To consent or not to consent
When your child's school presents you with an IEP document after an IEP meeting it is up to decide to consent to it. You can refuse to consent to the whole IEP. You can also consent to only parts of the IEP. For example, if after an IEP meeting you are given an IEP document which reduces the amount of speech your child was receiving, and adds an accomodation for test taking, you can agree to the accomodation, but not the reduction of speech hours.
Be careful how you communicate your consent to the IEP. If you simply sign the IEP indicating you are in agreement with it, you have agreed to all the changes. If you want to accept one thing but not the other, you have to make your intentions clear. If it is possible, and space permits, you can simply write on the signature page the parts you are agreeing to and the parts you are not. You could write for example, "I agree to the whole IEP, except I do not consent to the reduction of hours of speech therapy". You can also refuse to sign on the dotted line at all, and instead send a letter spelling out what you do and do not consent to.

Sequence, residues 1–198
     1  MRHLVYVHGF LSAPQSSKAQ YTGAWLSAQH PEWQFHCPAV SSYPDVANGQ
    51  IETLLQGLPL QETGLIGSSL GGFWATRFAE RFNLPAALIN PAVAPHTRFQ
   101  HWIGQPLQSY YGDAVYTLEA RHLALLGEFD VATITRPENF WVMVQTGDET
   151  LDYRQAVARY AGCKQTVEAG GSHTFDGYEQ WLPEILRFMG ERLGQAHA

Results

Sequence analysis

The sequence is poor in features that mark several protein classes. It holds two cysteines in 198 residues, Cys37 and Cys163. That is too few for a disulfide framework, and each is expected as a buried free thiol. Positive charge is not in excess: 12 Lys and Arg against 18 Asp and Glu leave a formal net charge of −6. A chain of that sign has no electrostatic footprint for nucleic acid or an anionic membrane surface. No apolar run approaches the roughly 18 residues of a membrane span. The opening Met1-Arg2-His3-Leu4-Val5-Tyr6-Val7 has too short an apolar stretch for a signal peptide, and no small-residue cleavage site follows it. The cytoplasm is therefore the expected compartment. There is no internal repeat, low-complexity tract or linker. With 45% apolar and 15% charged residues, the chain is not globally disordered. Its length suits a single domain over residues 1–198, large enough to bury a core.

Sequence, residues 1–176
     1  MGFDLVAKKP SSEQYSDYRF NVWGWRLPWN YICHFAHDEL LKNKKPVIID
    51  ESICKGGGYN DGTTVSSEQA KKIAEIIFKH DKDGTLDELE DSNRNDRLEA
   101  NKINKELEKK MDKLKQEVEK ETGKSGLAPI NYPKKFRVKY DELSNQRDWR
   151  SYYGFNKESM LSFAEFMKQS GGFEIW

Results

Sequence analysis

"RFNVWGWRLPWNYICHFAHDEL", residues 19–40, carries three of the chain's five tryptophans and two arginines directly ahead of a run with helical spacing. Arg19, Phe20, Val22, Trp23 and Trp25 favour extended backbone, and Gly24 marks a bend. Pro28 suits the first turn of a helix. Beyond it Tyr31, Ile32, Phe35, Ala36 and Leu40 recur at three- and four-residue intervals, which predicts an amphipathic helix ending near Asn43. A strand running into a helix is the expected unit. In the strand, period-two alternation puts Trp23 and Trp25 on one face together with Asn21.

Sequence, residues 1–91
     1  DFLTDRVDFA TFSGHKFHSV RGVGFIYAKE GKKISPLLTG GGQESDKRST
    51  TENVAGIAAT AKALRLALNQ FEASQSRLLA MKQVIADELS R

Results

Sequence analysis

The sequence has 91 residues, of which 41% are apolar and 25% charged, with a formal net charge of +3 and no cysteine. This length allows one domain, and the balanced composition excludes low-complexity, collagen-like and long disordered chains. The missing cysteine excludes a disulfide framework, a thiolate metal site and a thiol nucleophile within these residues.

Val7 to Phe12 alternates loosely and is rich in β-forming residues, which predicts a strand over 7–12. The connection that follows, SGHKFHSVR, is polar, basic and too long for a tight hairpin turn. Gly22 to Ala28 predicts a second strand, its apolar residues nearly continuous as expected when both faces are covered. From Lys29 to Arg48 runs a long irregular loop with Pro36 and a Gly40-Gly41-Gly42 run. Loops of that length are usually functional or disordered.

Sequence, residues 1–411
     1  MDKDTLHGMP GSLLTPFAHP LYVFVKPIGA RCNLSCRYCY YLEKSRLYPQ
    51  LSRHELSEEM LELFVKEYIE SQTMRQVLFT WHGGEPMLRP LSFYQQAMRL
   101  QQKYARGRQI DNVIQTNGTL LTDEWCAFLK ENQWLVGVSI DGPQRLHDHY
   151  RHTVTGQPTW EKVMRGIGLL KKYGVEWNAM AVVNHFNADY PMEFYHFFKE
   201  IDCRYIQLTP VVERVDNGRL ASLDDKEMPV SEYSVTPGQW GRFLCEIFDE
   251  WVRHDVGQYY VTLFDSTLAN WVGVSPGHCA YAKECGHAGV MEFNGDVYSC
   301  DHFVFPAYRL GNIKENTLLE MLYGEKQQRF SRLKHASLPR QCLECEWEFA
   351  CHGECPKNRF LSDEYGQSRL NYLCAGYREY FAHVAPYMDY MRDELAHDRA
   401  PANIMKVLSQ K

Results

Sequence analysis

Schools have a duty to implement that parts of an IEP that a parent has consented to. So, a school district would be violating Section 56346(e) of the California Education Code and the IDEA (34 C.F.R. 300.300(d)(3)) if they were to refuse to provide the accomodation in the IEP because you did not consent to the reduction in speech hours. Beware however, sometimes schools will claim that they cannot deliver the portions of the IEP consented to, due to certain other parts being refused. For example, if you refused to allow your child to be placed in a special day class, a school may argue that they cannot implement certain accomodations that are only available in a special day class.